A slump in profitability for the largest Nigerian banks from tighter monetary policy is leading to an erosion of shareholder value for investors.
The lenders’ returns, which peaked in 2012 have since receded amid a wave of regulatory constraints.
“When we calculate economic value added (EVA) for the banks, using a 19 percent cost of equity CoE, no bank created value in 2009. On a cumulative basis, only GTBank has created value since 2009, while all other tier 1 banks eroded value,” said Renaissance Capital Bank analysts, led by Adesoji Solanke, in a February 03 note.
“We think the tier 1 banks are inherently profitable but their earnings capacity is limited by the Central Bank of Nigeria’s (CBN) strive for macro stability. We therefore maintain our view that any significant near-term improvement in sector returns is likely to be driven by a loosening of monetary policy, particularly in terms of the cash reserve ratio (CRR).”
Full Year 2014 estimates for return on equity, a measure of how well shareholder money is reinvested, is 25 percent for GTBank (the largest bank by market capitalisation) and 18 percent for Zenith Bank. Other lenders come in below the 19 percent CoE.
On a cumulative basis since the 2009 banking crisis (up to 9M14), only GTBank delivered a positive EVA value, at N91bn, according to Rencap.
All other tier 1 banks delivered negative cumulative EVA, implying that the negative value created in some years, more than offset the positive value created in other years.
A firm’s cost of equity represents the compensation that the market demands in exchange for owning the asset and bearing the risk of ownership.
A company that earns a return on equity in excess of its cost of equity capital has added value.
Nigerian lenders are the least profitable among the three major economies in Sub-Sahara Africa (South Africa, Kenya and Ghana), according to Bloomberg data.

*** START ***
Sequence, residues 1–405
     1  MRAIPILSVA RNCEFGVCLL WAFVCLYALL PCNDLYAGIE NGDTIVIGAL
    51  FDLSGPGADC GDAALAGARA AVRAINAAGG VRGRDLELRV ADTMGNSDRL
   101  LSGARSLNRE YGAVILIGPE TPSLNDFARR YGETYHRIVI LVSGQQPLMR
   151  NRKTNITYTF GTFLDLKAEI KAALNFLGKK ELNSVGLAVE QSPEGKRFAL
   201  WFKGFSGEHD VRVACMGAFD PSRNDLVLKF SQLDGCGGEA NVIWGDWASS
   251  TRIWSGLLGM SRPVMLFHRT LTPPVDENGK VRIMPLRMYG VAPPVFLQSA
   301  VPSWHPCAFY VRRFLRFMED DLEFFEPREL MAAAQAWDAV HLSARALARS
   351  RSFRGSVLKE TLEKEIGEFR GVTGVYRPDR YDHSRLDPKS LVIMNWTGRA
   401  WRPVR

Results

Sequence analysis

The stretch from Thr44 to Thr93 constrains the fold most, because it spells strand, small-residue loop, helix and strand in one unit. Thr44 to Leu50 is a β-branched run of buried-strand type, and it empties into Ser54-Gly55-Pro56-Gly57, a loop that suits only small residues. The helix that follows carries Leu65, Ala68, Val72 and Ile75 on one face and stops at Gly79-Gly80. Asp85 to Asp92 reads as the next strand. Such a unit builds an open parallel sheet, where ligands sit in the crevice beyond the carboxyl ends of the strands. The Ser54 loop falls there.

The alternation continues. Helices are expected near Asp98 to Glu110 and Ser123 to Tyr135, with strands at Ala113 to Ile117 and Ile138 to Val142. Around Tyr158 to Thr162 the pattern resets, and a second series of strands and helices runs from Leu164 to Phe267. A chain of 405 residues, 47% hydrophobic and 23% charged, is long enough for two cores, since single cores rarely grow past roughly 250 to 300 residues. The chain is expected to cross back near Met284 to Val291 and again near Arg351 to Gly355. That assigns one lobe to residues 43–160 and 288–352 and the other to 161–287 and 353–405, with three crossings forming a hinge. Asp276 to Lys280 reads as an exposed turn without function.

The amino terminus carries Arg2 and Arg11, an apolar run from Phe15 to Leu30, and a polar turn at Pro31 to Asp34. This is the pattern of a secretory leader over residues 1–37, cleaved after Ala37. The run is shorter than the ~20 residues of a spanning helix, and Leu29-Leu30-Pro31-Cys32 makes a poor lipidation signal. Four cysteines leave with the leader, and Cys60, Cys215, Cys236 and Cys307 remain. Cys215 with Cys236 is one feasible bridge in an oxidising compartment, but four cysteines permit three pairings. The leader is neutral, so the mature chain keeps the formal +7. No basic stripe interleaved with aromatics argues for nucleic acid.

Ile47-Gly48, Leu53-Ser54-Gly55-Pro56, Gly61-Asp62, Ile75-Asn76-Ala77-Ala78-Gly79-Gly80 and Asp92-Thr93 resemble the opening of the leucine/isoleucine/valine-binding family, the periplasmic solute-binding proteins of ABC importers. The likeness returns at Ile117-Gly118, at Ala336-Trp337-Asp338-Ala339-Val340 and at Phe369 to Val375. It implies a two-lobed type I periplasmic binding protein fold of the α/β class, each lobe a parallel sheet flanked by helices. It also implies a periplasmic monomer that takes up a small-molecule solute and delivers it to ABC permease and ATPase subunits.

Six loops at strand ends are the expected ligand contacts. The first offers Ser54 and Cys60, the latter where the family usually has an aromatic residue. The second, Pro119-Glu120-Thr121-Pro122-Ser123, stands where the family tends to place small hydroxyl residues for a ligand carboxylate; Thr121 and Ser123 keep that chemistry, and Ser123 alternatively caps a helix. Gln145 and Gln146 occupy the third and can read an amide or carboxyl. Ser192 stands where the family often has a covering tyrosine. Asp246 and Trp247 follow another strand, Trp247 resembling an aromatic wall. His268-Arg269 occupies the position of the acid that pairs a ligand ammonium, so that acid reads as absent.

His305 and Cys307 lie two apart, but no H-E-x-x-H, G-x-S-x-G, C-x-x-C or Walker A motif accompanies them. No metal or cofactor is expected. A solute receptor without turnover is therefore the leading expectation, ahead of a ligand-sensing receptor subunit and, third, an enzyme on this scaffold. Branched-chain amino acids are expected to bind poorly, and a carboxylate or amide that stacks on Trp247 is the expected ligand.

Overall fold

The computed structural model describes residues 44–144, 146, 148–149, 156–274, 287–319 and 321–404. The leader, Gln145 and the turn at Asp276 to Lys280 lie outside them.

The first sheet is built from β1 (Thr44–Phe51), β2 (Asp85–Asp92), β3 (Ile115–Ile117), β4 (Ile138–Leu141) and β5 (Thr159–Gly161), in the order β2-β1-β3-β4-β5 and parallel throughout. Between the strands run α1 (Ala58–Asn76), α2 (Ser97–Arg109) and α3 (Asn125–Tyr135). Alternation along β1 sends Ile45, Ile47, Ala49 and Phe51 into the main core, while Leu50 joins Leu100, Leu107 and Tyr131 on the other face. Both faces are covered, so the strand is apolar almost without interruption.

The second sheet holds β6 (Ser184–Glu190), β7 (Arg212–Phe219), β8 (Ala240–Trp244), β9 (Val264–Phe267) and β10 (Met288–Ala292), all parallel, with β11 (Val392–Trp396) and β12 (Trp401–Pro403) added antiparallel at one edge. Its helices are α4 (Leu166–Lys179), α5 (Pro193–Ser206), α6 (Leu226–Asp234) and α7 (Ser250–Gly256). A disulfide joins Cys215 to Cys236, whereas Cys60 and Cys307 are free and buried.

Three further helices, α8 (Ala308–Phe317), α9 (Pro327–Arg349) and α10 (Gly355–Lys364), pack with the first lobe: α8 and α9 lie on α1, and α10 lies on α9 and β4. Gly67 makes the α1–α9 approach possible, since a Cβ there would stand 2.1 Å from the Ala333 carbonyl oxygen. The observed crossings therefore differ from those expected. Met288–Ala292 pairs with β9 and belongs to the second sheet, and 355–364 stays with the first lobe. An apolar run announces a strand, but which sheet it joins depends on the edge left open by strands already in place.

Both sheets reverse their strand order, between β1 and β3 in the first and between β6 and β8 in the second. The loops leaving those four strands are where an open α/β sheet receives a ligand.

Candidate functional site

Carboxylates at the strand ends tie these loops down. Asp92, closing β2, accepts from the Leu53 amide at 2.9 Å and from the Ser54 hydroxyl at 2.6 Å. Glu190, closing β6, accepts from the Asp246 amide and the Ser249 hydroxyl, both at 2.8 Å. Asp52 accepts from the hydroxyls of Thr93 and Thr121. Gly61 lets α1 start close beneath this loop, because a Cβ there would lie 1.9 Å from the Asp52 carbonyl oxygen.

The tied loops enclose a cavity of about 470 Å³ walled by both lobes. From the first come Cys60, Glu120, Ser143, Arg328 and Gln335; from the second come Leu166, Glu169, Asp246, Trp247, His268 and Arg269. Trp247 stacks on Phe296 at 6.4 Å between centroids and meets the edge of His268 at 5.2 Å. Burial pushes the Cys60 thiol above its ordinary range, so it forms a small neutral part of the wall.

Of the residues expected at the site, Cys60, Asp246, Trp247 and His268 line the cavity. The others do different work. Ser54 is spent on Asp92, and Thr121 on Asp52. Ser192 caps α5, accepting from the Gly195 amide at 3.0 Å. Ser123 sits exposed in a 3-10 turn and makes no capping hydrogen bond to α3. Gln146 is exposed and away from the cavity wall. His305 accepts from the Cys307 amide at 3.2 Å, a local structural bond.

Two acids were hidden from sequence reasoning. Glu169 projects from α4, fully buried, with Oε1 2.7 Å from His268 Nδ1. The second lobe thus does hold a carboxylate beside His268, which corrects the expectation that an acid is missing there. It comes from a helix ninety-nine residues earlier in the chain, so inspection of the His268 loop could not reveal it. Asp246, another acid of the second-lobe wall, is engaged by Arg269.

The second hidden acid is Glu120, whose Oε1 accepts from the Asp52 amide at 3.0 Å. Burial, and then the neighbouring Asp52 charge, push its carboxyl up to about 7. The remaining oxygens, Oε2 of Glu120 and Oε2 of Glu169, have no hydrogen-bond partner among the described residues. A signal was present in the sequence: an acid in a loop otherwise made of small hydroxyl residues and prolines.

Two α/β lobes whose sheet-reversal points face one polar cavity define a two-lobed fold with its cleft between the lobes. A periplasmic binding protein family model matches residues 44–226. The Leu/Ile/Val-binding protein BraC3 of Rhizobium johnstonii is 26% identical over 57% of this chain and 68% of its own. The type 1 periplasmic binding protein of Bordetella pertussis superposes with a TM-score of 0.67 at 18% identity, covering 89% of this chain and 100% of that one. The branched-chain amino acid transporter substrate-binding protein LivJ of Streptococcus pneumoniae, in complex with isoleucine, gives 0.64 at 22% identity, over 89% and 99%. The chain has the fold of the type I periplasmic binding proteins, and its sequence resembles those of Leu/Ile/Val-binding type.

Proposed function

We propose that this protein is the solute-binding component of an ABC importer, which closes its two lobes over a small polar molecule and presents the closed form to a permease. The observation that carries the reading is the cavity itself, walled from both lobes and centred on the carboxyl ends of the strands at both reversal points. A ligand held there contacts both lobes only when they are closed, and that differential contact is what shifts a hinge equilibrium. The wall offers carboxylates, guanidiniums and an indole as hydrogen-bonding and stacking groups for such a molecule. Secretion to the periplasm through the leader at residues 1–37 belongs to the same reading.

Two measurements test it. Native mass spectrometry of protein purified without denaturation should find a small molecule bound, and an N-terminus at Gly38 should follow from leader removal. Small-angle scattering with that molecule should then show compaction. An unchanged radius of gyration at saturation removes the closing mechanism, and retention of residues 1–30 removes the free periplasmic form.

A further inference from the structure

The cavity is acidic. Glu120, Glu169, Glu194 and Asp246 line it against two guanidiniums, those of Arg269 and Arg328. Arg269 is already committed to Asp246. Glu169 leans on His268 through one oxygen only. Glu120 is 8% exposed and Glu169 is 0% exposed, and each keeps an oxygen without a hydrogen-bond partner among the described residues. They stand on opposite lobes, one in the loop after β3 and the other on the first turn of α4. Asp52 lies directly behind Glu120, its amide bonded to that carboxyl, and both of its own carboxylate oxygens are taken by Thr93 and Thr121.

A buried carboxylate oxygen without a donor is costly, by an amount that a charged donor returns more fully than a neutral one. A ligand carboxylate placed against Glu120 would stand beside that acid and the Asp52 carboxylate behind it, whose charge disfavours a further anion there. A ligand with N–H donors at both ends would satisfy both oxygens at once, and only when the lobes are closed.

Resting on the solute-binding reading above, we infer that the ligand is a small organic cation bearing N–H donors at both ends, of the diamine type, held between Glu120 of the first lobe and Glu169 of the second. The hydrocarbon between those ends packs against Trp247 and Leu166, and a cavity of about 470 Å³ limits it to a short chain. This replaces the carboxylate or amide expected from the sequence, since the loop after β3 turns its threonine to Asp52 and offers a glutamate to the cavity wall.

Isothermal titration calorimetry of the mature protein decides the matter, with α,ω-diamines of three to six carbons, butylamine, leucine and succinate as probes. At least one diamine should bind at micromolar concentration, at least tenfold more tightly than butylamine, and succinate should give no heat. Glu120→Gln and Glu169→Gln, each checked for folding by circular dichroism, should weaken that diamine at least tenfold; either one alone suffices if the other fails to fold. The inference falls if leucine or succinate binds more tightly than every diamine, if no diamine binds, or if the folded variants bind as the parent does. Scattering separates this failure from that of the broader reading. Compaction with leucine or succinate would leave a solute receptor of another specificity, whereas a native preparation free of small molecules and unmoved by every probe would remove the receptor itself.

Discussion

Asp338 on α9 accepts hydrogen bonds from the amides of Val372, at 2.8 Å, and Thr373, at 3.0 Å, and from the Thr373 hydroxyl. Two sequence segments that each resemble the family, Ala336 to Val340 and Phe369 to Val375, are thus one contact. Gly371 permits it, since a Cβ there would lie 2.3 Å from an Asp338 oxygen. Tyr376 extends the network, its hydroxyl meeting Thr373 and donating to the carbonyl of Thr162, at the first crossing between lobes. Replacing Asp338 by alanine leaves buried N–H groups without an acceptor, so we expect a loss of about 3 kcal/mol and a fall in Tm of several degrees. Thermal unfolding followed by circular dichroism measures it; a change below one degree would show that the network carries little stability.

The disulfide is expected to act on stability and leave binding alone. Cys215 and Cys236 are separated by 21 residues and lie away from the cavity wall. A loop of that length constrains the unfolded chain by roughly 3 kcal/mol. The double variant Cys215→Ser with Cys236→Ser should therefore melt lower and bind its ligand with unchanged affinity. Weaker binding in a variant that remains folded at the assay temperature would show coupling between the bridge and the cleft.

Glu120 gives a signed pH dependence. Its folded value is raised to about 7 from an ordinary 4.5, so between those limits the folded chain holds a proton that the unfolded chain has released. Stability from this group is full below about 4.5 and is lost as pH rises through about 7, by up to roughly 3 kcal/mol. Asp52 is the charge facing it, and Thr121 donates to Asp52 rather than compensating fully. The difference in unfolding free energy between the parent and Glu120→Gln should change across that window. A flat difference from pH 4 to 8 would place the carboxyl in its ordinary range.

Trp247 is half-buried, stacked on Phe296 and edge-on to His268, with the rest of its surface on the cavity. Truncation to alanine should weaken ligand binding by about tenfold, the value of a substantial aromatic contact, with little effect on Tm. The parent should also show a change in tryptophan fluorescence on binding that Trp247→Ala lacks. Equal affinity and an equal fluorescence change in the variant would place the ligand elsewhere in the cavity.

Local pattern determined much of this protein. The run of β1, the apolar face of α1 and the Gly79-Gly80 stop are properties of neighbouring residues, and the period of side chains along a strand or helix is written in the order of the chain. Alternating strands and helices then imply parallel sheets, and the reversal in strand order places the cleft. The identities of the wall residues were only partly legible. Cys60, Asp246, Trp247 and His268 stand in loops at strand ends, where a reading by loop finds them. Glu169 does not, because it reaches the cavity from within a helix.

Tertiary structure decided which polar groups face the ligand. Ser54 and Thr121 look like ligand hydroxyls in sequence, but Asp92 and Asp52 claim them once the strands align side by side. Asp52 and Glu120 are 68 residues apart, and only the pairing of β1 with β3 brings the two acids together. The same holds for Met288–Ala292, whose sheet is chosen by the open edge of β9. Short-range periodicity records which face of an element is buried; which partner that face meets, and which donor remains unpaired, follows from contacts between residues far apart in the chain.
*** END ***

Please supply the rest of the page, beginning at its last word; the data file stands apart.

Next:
The Nigerian Stock Exchange Banking 10 Index has lost -9.9 percent this year (February 05) compared with a 13 percent increase for South Africa’s seven – member FTSE/JSE Africa Banks Index.
Since the financial crisis, Nigerian banks have had to deal with higher capital requirements for given amounts of assets and tighter monetary policy in the form of an increase in the cash reserve requirements -the minimum cash, as a percentage of customer deposits that each bank must set aside as a reserve – from 4 percent in 2011 to 75 percent for public sector deposits in 2014.
The regulator also told lenders to lower fees and commissions to reduce costs to customers.
Returns in Nigeria, Africa’s largest economy, are driven by net interest margins, which have been crimped by the hike in CRR.
“The CBNs CRR policy has effectively kept N460 billion of First Banks funds at the apex bank, earning zero interest rates, instead of being available for lending,” said Bisi Onasanya, Chief Executive Officer, First Bank of Nigeria, at a Conference in Lagos last year.
The top five banks account for more than half the loans in Nigeria’s banking system.
Renaissance Capital attributes GTBs outperformance to its more efficient revenue generation and slightly more cost efficient operations.
Investors have put a premium on the lender by valuing it at 1.75xs book value, compared to 0.96 xs for Zenith, 0.55x for Access, and 0.46 xs for First Bank and UBA, according to Bloomberg data.
Nigerian banks’ asset growth and earnings will fall in the next 18 months because of the Central Bank’s moves to protect the economy and banking customers, Fitch Ratings Ltd. said in a October 2014 report.